Telling others about your Diabetes Diagnosis and Staying Positive

Amylia Grace Yeaman Health Guide

  • I met with my boss today to discuss my new contract. We met in the morning and he hadn't seen me for about three weeks (being a teacher I have a boss, but it doesn't mean we meet often). The first thing he said was "You look well." I had a wicked cold when we met a few weeks ago and he knew it was wreaking havoc on my body and bloodsugars.


    Having issues with diabetes is hard to explain to an "outsider." I am well, yes, but then, also not. I look good yes, but you see the bags under my eyes? Those came from a low at 3:00am that woke me up (thank God) and kept me up. I rebounded in the high 200's this morning, causing me to feel, well, like crap.

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    That look on my face? That's from the pounding headache I have. Oh, and you see the tiredness in my eyes? That's from the needling worry in the back of my mind, the imbalance.


    You see that little wound on my left hand? It's hard to notice, but it's not healing so quickly. It's been there for a while now. It looks like a cat scratch or a little scrape, but it hurts and worries me.


    And you can't tell of course, but I see this little spot sometimes in my line of vision causing me to fear blindness or retinopathy. See those pale ol' feet in my sandals? The heels are hard and calloused and I am thankful every day that they still tickle so much.


    You see that lump on my arm? That's from years of multiple injections with harsh insulin. So yeah, I look well. But if you saw what I saw and knew the storyline behind things, things would look quite differently, perhaps.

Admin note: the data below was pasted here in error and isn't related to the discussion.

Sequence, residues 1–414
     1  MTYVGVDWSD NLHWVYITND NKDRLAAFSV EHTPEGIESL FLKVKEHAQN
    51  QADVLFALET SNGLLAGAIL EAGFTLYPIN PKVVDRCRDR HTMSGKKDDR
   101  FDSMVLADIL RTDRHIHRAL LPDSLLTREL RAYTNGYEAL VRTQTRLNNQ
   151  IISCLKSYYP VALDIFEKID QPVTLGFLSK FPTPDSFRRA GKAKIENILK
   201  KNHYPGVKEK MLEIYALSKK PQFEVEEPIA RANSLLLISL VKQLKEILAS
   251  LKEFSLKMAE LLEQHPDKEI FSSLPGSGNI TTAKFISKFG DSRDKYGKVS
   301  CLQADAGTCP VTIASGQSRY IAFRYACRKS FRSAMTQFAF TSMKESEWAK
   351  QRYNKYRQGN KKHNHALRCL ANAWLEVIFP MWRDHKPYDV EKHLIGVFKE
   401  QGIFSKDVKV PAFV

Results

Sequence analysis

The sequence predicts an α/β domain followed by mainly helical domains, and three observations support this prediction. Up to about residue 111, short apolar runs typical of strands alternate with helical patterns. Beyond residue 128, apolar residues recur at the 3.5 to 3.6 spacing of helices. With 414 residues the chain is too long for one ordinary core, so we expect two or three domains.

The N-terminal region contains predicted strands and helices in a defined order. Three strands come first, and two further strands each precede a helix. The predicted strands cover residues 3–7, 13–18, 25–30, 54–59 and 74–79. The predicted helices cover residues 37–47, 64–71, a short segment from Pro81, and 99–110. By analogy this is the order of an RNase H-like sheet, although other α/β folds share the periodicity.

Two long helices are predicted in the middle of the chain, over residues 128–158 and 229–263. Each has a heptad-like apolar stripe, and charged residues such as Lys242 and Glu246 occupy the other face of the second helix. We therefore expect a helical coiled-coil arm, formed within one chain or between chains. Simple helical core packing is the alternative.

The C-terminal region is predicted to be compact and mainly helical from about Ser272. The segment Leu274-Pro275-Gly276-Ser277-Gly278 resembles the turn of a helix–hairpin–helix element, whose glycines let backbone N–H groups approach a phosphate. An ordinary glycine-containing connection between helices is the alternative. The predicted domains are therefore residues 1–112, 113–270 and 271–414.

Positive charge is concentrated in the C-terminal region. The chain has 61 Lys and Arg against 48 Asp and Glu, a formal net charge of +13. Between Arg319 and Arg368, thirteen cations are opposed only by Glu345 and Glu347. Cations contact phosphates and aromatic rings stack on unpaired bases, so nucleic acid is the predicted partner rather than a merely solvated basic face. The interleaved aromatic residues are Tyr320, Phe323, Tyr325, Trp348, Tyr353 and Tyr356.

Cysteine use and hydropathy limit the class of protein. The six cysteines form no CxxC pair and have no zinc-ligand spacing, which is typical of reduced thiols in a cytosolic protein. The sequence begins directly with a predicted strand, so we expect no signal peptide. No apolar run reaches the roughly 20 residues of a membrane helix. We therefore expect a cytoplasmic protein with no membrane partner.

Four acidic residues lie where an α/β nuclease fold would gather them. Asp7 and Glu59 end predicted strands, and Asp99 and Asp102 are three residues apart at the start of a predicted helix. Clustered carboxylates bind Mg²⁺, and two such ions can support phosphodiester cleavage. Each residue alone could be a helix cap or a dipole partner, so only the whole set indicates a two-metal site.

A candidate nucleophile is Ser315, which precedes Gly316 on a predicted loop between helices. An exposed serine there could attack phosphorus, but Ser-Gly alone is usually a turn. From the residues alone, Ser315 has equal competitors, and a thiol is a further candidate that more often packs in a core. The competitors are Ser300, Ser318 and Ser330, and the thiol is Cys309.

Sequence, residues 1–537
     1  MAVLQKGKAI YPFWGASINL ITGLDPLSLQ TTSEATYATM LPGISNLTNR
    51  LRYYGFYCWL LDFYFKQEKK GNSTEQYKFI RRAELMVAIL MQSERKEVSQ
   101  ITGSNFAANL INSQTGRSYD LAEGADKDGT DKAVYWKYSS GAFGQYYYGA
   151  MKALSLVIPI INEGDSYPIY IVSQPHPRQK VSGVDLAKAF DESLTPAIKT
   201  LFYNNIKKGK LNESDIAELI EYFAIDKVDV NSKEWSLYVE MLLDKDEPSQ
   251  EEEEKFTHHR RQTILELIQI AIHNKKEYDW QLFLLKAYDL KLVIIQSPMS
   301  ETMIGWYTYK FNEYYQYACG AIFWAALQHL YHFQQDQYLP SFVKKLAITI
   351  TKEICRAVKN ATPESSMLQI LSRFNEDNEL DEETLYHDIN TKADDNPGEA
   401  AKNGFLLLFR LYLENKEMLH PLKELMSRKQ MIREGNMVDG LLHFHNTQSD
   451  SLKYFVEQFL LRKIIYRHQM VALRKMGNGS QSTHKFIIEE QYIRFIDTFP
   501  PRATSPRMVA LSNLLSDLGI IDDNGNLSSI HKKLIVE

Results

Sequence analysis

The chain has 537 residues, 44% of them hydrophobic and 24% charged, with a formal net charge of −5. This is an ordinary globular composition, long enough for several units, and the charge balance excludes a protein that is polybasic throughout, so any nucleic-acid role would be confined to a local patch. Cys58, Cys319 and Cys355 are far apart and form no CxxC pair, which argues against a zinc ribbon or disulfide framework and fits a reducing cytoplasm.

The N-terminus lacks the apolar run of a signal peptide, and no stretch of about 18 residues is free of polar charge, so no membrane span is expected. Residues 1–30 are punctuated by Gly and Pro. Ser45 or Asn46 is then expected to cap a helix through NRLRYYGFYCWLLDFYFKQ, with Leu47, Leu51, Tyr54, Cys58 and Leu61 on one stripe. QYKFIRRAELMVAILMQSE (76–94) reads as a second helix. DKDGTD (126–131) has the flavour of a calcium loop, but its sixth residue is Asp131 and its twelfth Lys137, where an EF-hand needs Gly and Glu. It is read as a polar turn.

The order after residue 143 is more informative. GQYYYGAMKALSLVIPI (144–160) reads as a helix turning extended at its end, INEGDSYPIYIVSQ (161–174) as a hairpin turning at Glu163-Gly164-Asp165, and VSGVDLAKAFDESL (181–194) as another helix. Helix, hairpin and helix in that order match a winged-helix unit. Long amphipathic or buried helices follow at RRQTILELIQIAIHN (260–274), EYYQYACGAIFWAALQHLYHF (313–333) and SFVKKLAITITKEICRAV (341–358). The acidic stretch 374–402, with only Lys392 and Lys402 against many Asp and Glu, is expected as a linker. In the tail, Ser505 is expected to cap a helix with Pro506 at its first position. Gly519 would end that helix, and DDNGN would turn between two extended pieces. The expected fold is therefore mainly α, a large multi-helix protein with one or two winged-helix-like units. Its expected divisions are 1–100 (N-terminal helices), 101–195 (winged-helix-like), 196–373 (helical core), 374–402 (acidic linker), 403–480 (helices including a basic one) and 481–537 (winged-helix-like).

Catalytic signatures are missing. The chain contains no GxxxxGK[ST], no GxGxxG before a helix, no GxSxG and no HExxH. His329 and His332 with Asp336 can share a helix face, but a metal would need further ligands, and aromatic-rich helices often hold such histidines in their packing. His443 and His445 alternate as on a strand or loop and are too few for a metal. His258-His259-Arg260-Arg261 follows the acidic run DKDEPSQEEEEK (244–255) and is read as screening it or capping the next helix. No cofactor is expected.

During my internal diatribe, I explained my situation to him--my fear of things progressing in the wrong direction with my diabetes, my desire for tighter control, the frustrations with doctors, health care loopholes, hypo and hyperglycemia, etc. I tried to educate him a bit but also genuinely explain what goes into life with type 1 diabetes.


    I don't know. I may have done the wrong thing by revealing "too much," but at the same time I really wanted him to understand because I believe he truly wanted to know what may push someone to go elsewhere-somewhere with benefits. Someone who looks so well on the outside.

    It was strange. He really seemed to want to understand-and did, which caused me to become quite emotional, as this is rare. He told me other teachers could take my teaching hours if something ever arose and I couldn't make it to class. He said he wishes the college offered better benefits for part-timers, and I believed he meant it.


    He was very kind and full of empathy. Whether he was just making me feel good or would really have my back I cannot say, but it made me feel supported. I was, in short, relieved.


    Time will tell how it all plays out. I wonder about disclosing my diabetes. I wonder if they'll offer a full-time position to a high cost insurance teacher like myself. They can't discriminate, not openly, but you never know. Disclosure is tricky, but I am who I am. I decided to be open and honest. It's backfired before, but for the most part, it serves me well.


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    What's your policy on disclosure and diabetes or other health issues? How do you reveal your diabetes (if you do), and how much is too much?


Published On: December 15, 2010